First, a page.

As I’ve reported on art fairs over the past few years, I’ve become accustomed to a degree of caginess about pricing. Some gallerists decline to share dollar amounts or price ranges—sometimes they won’t even distribute checklists of artworks in their booths. So I was surprised to visit Art Basel in Hong Kong’s online viewing rooms
, which were open from March 18th to 25th in lieu of the yearly in-person fair (canceled
due to the COVID-19 pandemic), and find specific prices or ranges listed for each of the 2,000-plus artworks on offer. Several galleries have also created new virtual platforms over the past few weeks that list prices.
Digital initiatives and price transparency
go hand in hand, a number of industry professionals told me. Though overall online art sales declined by 2 percent from 2018 to 2019, according
to the report “The Art Market 2020” (coinciding with a slight drop in the overall market), galleries continue to put resources and new ideas into how they present themselves digitally. As more dealers have launched online viewing rooms, they’ve also become more open to publishing information that was once closely guarded. Ultimately, galleries embrace both strategies for related reasons: to reach a larger audience, and to make sales more seamless.
Art Basel global director Marc Spiegler is careful to note that COVID-19 isn’t solely responsible for galleries and fairs overhauling their digital strategies. As he sees it, these shifts sped up as the industry adapted to its new, online-only existence. He also noted that Art Basel didn’t force participating galleries to post their exact prices—some works had price ranges spanning hundreds of thousands of dollars.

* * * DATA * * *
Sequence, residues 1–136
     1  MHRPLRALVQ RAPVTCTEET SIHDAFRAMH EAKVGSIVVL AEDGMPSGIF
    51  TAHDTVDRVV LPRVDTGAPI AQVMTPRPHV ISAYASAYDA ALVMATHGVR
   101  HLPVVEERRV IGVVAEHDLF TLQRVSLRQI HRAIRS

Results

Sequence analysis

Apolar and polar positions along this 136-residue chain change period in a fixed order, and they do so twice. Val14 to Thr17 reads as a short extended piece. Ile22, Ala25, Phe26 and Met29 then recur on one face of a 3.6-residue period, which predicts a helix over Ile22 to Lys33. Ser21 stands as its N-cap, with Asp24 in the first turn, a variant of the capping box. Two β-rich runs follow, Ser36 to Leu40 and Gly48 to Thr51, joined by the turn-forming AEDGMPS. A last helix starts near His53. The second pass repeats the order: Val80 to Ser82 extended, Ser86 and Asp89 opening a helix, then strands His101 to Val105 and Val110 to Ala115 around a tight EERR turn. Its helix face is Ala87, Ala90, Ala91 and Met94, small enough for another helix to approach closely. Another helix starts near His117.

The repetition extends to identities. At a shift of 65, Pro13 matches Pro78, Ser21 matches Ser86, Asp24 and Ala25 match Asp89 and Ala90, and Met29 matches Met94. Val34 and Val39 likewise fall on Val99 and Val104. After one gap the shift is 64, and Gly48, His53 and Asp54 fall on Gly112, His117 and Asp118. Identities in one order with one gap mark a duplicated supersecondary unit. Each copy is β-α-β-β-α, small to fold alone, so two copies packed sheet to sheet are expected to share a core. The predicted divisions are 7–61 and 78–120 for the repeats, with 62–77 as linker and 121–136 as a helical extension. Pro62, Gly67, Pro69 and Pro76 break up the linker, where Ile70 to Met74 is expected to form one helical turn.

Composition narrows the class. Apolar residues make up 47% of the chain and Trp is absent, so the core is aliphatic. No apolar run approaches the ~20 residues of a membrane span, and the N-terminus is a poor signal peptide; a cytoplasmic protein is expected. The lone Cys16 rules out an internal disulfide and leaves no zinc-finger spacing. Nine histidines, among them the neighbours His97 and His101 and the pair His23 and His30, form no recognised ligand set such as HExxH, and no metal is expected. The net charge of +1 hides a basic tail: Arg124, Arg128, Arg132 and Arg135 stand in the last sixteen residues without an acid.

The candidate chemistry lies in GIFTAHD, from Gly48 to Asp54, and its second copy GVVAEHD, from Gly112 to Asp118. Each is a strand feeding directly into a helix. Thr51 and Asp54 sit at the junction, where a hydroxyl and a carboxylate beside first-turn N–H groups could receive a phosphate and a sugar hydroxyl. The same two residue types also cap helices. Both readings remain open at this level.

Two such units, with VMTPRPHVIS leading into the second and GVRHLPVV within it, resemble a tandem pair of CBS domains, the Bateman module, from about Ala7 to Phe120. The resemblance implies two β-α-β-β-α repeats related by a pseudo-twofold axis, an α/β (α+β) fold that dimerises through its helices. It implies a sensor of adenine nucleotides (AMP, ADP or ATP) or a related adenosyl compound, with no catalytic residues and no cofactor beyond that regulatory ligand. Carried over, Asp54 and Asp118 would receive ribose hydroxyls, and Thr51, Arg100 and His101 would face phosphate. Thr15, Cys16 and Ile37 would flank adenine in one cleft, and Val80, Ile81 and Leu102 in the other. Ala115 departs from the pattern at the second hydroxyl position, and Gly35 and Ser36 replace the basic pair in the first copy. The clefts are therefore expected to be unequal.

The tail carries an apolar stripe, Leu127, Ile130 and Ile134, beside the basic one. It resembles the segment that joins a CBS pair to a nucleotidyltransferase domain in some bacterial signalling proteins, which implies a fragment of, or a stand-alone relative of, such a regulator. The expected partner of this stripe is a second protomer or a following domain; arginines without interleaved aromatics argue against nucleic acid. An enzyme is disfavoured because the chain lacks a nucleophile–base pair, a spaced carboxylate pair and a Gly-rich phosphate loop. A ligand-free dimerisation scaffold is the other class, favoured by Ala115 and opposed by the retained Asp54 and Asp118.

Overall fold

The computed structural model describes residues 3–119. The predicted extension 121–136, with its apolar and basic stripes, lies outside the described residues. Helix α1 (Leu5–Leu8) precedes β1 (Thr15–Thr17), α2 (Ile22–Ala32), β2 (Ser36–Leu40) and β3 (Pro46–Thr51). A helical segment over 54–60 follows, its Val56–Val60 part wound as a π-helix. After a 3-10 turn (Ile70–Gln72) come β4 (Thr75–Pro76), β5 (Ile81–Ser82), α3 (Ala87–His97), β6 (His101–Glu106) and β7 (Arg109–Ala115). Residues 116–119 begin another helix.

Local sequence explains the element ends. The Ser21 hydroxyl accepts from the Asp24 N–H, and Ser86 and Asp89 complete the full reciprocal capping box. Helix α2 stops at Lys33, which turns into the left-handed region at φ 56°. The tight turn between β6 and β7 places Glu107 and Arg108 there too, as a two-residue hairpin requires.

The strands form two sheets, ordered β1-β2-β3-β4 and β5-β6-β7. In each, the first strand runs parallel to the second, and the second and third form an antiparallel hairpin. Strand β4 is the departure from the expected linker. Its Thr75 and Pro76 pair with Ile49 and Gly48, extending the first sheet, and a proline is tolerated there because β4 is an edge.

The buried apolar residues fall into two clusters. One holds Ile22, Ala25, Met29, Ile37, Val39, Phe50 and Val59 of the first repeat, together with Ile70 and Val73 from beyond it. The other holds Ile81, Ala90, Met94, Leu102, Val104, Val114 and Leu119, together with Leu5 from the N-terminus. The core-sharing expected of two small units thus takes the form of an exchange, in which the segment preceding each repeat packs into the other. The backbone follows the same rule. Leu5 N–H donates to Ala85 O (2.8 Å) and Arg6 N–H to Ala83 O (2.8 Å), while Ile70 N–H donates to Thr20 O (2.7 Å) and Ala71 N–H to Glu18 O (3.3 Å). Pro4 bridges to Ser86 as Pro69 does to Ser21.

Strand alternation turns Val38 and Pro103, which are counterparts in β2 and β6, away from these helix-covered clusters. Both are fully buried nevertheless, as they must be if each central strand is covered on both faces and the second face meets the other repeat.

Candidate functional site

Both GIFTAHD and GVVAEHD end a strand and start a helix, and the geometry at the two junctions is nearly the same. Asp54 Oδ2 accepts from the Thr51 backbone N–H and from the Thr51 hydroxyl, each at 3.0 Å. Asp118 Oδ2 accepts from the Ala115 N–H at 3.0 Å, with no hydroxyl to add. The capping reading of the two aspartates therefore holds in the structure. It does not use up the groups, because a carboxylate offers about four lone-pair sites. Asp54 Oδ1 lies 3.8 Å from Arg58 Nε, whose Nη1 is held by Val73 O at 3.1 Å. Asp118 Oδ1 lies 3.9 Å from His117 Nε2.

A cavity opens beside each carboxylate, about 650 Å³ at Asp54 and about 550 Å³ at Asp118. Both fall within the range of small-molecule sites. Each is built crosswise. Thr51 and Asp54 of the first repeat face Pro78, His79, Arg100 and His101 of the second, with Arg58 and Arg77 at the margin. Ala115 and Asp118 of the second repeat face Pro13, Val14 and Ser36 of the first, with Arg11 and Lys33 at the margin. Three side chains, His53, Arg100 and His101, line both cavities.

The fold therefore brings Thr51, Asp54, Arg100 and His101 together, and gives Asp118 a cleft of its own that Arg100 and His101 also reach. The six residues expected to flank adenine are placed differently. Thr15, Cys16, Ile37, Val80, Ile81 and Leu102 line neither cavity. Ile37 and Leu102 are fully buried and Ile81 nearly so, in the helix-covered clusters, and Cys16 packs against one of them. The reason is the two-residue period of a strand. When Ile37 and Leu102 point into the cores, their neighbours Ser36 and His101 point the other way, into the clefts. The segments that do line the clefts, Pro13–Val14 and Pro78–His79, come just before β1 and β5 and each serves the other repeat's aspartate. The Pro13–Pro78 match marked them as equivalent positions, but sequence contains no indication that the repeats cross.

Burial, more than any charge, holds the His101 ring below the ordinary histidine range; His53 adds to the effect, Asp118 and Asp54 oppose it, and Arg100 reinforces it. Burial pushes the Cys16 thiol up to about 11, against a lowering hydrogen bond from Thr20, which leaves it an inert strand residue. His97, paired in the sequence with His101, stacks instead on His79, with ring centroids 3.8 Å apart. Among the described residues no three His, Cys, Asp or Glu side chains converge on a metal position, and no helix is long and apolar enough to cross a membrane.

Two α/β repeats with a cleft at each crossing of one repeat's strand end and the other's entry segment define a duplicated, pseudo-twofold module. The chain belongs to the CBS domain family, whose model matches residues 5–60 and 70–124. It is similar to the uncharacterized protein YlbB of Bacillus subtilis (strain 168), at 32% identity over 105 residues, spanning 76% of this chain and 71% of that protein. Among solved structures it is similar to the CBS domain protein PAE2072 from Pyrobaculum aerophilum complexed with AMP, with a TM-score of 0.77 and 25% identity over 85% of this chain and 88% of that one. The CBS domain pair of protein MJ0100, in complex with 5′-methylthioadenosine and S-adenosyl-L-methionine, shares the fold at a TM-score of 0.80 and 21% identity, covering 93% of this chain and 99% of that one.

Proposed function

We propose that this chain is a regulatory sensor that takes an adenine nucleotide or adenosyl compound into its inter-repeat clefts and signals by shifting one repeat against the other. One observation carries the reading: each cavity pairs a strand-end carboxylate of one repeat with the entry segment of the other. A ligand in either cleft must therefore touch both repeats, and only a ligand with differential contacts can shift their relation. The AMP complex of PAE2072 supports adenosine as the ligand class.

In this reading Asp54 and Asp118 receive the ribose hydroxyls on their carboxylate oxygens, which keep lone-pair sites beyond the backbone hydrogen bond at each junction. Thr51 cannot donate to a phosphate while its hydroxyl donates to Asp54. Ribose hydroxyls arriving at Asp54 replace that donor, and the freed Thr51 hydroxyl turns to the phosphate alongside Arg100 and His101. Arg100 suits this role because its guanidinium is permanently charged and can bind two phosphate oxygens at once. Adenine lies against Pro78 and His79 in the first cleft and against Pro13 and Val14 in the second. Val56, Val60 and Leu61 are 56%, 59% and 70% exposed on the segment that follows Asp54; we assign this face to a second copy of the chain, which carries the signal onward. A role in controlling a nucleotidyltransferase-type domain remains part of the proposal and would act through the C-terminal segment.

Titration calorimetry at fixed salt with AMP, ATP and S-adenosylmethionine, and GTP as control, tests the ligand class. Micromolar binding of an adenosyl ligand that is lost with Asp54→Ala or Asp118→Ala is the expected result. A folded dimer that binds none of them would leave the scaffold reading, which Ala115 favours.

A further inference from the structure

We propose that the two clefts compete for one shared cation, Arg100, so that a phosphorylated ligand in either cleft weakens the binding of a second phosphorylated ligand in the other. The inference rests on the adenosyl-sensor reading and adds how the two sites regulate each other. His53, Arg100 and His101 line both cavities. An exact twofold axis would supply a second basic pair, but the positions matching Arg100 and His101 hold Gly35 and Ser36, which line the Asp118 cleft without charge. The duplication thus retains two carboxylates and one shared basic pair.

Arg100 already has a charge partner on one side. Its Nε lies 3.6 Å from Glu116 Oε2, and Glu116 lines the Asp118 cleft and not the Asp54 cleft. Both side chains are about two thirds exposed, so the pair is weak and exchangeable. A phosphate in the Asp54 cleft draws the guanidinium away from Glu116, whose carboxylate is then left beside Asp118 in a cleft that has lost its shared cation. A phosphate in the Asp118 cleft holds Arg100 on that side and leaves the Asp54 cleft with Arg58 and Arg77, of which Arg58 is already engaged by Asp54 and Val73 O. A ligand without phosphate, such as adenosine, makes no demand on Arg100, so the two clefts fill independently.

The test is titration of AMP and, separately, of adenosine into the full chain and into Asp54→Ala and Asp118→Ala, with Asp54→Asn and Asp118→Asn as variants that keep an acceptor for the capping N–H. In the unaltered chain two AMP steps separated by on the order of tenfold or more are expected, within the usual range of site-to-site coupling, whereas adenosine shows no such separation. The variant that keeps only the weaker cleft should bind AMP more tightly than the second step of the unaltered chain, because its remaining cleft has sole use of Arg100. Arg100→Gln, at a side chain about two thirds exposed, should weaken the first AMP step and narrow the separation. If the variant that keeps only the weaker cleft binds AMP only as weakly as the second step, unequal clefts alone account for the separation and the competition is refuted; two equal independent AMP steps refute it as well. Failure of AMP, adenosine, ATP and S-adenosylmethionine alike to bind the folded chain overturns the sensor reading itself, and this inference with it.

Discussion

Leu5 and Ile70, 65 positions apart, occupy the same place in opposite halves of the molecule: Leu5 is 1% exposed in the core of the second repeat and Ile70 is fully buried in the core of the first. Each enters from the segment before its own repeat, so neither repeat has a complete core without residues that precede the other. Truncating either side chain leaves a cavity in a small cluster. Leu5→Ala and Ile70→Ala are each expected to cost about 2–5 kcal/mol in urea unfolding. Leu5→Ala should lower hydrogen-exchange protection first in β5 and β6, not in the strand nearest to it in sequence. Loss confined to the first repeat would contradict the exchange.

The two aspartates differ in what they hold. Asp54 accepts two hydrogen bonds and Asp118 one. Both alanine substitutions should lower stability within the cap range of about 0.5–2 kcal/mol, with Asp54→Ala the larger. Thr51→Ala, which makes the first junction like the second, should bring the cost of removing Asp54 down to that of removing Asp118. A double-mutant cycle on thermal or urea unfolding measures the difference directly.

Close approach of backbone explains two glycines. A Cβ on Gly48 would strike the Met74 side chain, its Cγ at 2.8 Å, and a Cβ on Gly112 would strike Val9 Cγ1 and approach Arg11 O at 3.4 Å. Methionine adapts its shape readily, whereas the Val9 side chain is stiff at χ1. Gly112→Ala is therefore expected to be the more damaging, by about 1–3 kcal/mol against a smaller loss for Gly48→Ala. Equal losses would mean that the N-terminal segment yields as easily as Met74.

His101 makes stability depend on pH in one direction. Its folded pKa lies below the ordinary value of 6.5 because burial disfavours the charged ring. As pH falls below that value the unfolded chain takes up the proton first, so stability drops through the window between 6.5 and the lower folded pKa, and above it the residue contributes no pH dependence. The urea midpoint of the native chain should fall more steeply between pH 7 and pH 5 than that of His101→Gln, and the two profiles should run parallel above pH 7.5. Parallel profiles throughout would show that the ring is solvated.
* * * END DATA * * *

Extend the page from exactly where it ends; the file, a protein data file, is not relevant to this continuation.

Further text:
Sam Orlofsky, a director at Gagosian
, is cautious about predicting how digital efforts precipitated by COVID-19 will play out in the long run. Initially, he believed our socially distanced circumstances would accelerate the art world’s embrace of digital platforms and the coinciding price transparency. Now, he said, he’s less sure “because there’s a headwind in the market. People may be willing to test this out. But if the market is in such a stark state, they may wrongly conclude it’s a failed experiment. There may be a backdraft.”
Acquiring minds want to know
Spiegler and his team only decided to include pricing in their viewing rooms after careful consideration. To not do so, he said, “creates one more hitch in the process of acquisition” for interested buyers. He noted that collectors have always sought transparency, and they appreciated the new approach. While some dealers were initially hesitant, no one significantly pushed back.
Loring Randolph, artistic director of the Americas at Frieze Art Fair—which yesterday announced details of its online viewing rooms, running in place of its canceled New York edition
from May 6th to 15th—found similar receptivity among participating galleries: None pushed back against the fair’s recommendation to list prices. “Indicating the price makes it easier to engage an audience that is ready to buy,” said Randolph. Additionally, since collectors can filter artworks by price range, listing specific prices allows artworks to become easily searchable and viewed by more interested buyers.
Randolph said she understands the potential pitfalls of transparent pricing. Galleries may not want the public to know if an artist’s prices are staying flat or jumping significantly, which could indicate an unhealthy market and turn away would-be buyers. “Galleries are trying to protect their artists,” she said.
Spiegler said some galleries don’t put any information—not even wall labels—in their traditional fair booths, “because they’re trying to start a conversation” with fair attendees. This practice raises an interesting question: To whom does a lack of information look inviting? Some fairgoers, particularly those new to the scene, may feel intimidated—not encouraged to converse—if the most fundamental information is withheld. In any case, such person-to-person connection is impossible right now.